But no one is arguing that Biden should pull the plug and try to ride his polling lead into November, despite the calls of some pundits to do so. Even though the debates offer Trump a chance to swing at Biden freely as he attempts to make a comeback, Democrats say the sheer contrast between Biden and Trump’s presentation will help his campaign.
“The American people saw what Donald Trump is all about and sometimes people just see clips on the news of his rallies. And I think it’s important for them to see that. So yes, I think that he should continue doing these debates,” said Sen. Amy Klobuchar (D-Minn.), who ran against Biden in the party’s presidential primary.
“The loser of last night’s debate was the American people and the country looked terrible because of the way President Trump conducted it. I think Vice President Biden did as well as anybody can do,” said Sen. Ben Cardin (D-Md.). “It’s fine to do another debate. But that spectacle is not what we want for this country.”
Immediately after the debate, the Biden campaign faced questions about whether it would participate in the Oct. 15 debate, which is a town hall format. Rep. Cedric Richmond (D-La.), a campaign co-chairman, said in a CNN interview that the campaign intends to be at every presidential debate.
The campaign said it may seek changes to keep things on the rails but dismissed suggestions the former vice president wouldn’t show up. Later Wednesday, the debate commission said it would change the format to make things more “more orderly.”
Democrats were also quick to turn the blame on moderator Chris Wallace for not fact-checking Trump more or having a better plan to control the discussion.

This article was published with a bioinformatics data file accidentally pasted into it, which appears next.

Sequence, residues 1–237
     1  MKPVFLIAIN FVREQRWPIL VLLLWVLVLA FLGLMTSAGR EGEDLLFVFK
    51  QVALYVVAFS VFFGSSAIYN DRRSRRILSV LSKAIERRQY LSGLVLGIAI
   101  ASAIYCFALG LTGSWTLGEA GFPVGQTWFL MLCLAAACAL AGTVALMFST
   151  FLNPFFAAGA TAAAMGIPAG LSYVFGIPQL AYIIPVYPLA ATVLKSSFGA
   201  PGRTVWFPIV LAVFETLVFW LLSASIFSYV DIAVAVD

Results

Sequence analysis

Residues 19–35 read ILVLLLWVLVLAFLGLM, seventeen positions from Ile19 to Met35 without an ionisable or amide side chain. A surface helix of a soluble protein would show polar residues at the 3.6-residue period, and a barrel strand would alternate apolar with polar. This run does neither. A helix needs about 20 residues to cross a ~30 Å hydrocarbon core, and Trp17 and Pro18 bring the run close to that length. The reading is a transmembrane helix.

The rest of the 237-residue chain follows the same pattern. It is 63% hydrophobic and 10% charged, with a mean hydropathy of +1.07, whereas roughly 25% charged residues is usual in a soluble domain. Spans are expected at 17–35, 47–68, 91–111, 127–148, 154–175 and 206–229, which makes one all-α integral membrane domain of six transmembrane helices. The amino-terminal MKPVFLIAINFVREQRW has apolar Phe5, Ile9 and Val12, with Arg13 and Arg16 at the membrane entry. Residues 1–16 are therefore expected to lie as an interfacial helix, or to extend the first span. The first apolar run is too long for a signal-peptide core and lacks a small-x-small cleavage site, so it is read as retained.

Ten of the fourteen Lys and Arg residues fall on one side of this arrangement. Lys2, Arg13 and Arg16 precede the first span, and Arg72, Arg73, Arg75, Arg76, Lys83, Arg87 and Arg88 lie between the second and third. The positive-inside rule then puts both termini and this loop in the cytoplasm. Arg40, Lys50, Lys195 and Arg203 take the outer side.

“Anybody who watched the debate, who watched the way that Donald Trump behaved, has to be worried about him, worried about our country,” said Sen. Tom Carper (D-Del.), who served with Biden in the Senate. “I would do the next two, but I would make sure we have a moderator who has a firm command and control of the debate.”
There was some agreement among Republicans that the debate was a bad look for everyone. Biden told Trump to “shut up” and called him a “clown” after countless interruptions. Wallace tried in vain to rein Trump in as he attacked the country’s voting process and Biden’s family.
Sen. Chuck Grassley (R-Iowa) argued Trump could have talked more about his accomplishments and could have articulated his second term agenda better.
“It’d be nice to tell the voters what he wants to accomplish the next four years,” he said.
Others said it was mostly a wash, with few arguing explicitly that it was good for Trump. Sen. John Kennedy (R-La.) merely called it “lively” and “a bit turgid in terms of understanding the candidates’ positions on the issues.”
“I don’t think these debates have much of an impression. Everything that we’ve seen says that America’s already made up its mind,” said Sen. Mike Rounds (R-S.D.). “Some people thought either side could make a bit of an improvement … last night’s debate I don’t think did that.”
But the debates being a draw is good news for Biden, at least according to polling averages. At this stage, it’s Trump that needs to win over more voters in states like Michigan, Wisconsin and Pennsylvania to preserve his presidency.
Given Trump’s upset victory in 2016, the possibility that Trump uses one of the next two debates to come back in the polls can’t be discounted. But Democrats say they are willing to bet against it, no matter the theatrics that the next round produces.
Biden “has to show that he’s not afraid of standing up to a bully,” said Sen. Angus King (I-Maine), who caucuses with the Senate Democrats. “The more that people see the president in the form he was last night, the less support he has.”
Quint Forgey contributed to this report.